Wednesday, February 3, 2016

Pups at high tide

Plenty of pups squirm on the beach in January, under the watchful eyes of their mothers. The bulls are less concerned, with their attention focused on mating. This year’s high tides and storms have added to the chaos.
Elephant seal pups can’t swim when they are born. That inability must be a holdover from their evolutionary past, when their ancestors were land mammals. As helpless pups, they are at risk of drowning as waves inundate the beach.

At Piedras Blancas this year, there’s almost no beach above high tide line at the north end of the boardwalk. Seals have crowded up next to the fence to stay above the water. Visitors are thrilled to get such a close look. But bulls battling each other and mothers shoving each other for space can separate mothers and pups, and make it difficult for them to reconnect. One docent counted 21 pups in a group that included only 14 possible mothers last week.
In the limited space left to mothers and pups, they crowded together to stay out of the waves. Look for mothers surrounded by three or four pups. Elephant seals give birth only to a single pup. Twins are unknown. Mothers don’t eat for that month while they are nursing the pup. They create milk by metabolizing their blubber. Each seal is plump enough to feed one pup, but not more. Any extra drains her resources further. 

Losing track of each other is serious, the single most common cause of pup death. Some mothers will nurse other pups, but other chase them away. Inexperienced mothers may learn from mothering other pups, but the milk they drink may deprive her own pup of the food he needs to grow. Some mothers are willing to foster a pup for a few days. Mothers whose pups die may adopt a stray, or even attempt to steal a pup from another mother.

Last week, one mother searched for her pup as the tide receded. Mothers and pups identify each other by sound and scent. She sniffed around, and barked occasionally. Pups around her slept on, but she likely reconnected with her little one before the tide returned. About 95 percent of the pups at Piedras Blancas survive to weaning.

The south end of the beach has more dry land for pups, so there’s less confusion there. Watch for the dominant bulls, beachmasters, to defend their harems. That big seal with a long nose may appear to be asleep, but he knows is some younger interloper tries to approach a female. He’ll warn the intruder off with a look and a bellow. If that’s doesn’t work, he’ll rise up and wave his nose. He’ll charge and attack the younger bull, who may escape or turn to fight.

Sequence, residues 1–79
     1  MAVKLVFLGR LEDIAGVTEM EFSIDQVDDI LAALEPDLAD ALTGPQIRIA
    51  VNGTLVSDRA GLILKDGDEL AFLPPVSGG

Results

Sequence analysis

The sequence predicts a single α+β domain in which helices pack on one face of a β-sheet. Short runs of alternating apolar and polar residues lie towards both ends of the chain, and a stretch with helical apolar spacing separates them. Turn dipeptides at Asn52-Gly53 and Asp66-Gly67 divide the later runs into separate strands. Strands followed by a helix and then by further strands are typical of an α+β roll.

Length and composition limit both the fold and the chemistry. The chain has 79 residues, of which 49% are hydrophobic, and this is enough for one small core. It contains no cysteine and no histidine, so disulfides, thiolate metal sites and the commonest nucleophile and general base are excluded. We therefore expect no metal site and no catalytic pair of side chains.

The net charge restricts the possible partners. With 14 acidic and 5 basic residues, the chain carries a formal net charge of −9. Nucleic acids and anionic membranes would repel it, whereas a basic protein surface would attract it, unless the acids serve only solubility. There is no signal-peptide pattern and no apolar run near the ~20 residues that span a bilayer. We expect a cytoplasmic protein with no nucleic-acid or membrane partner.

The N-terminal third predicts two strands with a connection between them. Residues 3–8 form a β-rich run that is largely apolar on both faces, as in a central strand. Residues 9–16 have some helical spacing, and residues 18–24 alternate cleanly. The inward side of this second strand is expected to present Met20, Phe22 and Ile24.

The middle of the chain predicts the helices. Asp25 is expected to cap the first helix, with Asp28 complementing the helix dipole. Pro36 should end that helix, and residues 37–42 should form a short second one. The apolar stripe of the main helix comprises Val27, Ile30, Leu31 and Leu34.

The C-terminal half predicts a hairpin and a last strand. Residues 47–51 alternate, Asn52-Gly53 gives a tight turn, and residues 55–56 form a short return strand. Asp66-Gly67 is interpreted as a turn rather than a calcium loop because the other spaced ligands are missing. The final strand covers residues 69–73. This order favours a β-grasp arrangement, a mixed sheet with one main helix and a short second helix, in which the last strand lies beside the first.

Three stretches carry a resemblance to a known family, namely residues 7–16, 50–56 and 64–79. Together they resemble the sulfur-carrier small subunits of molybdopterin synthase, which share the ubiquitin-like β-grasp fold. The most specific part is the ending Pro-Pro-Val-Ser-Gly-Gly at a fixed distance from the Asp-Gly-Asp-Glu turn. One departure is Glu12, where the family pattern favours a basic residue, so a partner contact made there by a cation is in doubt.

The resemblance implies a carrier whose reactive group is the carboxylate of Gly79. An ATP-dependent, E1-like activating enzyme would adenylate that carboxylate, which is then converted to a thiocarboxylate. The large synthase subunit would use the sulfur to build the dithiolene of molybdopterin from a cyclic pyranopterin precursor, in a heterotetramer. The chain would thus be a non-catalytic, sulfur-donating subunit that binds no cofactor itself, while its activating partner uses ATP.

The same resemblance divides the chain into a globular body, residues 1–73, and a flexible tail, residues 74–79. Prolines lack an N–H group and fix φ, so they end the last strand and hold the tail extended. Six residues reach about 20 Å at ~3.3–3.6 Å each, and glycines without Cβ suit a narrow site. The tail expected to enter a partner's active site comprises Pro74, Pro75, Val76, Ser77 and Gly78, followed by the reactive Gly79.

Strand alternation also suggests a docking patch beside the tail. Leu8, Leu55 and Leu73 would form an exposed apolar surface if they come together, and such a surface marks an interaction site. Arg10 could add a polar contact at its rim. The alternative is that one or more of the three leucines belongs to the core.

Read the column in The Cambrian.

Tuesday, December 15, 2015

Pup season

Two more pups had been born as of December 14. The tides are very high, putting them in danger. Even higher 'king' tides are forecast for December 21, 22 and 23 next week. It's good that the pup season is only beginning and the beach is not yet too crowded.
Fortunately, this mother was staying on the ocean side of her pup. This is the first pup born. He's already very fat, so in less danger than a newborn.
There are three pups in this group, with several other mothers-to-be awaiting birth. This group is on the south section, about halfway out on the boardwalk. The senior male is a calm influence. No less dominant males dared to harass the mothers under his protection.

Tuesday, December 8, 2015

Seals eat hagfish

From this month's column in The Cambrian:

Elephant seals hunt at 1,000 feet and deeper. Digital tracking devices make it possible for us to know this, but much of their feeding behavior remains unknown. It’s too dark down that far for a critter cam to function. One seal was tracked over 17 hours of her day. Most of her dives were 20 to 30 minutes long, down to between 1,500 and 2,500 feet. One dive of over an hour brought her to around 4,000 feet.

Knowing where they go lets us infer that they are eating the fish and squid that live there. One remarkable video did catch a female elephant seal eating a hagfish. It was part of a study by Ocean Networks Canada, which placed a pod at about 3,000 feet deep. The lights and camera went on to record video for 15 minutes in every two-hour period.

It recorded a huge amount of video, so the word went out to citizen scientists worldwide to watch the video and report interesting events recorded. A dedicated 14-year-old boy in the Ukraine watched long enough to see a female elephant seal slurp up a hagfish

Hagfish are living fossils, unchanged over 300 million years. They are primitive fish, with no jaw. Instead, their teeth flex out from inside their lips. They travel in schools, feeding on the ocean bottom, eating worms and carcasses of dead animals that float down.

Eating a hagfish is more difficult than she makes it look. When they are threatened, hagfish nearly instantaneously cover themselves with sticky, gooey slime. [Do the Ghostbusters know about this?] It’s so thick and viscous that sharks have to spit them out. The slime clogs their mouths, making it impossible for them to breathe in water. Elephant seals, even if they took longer to eat a hagfish and it bloomed its slime protection, could eat them anyway. They breathe at the surface, so no problem for them.

Improvements in digital technology will undoubtedly advance so that we can know more about what and how elephant seals eat. For now, we can be confident that those huge seals resting on the beach represent lots of food consumed.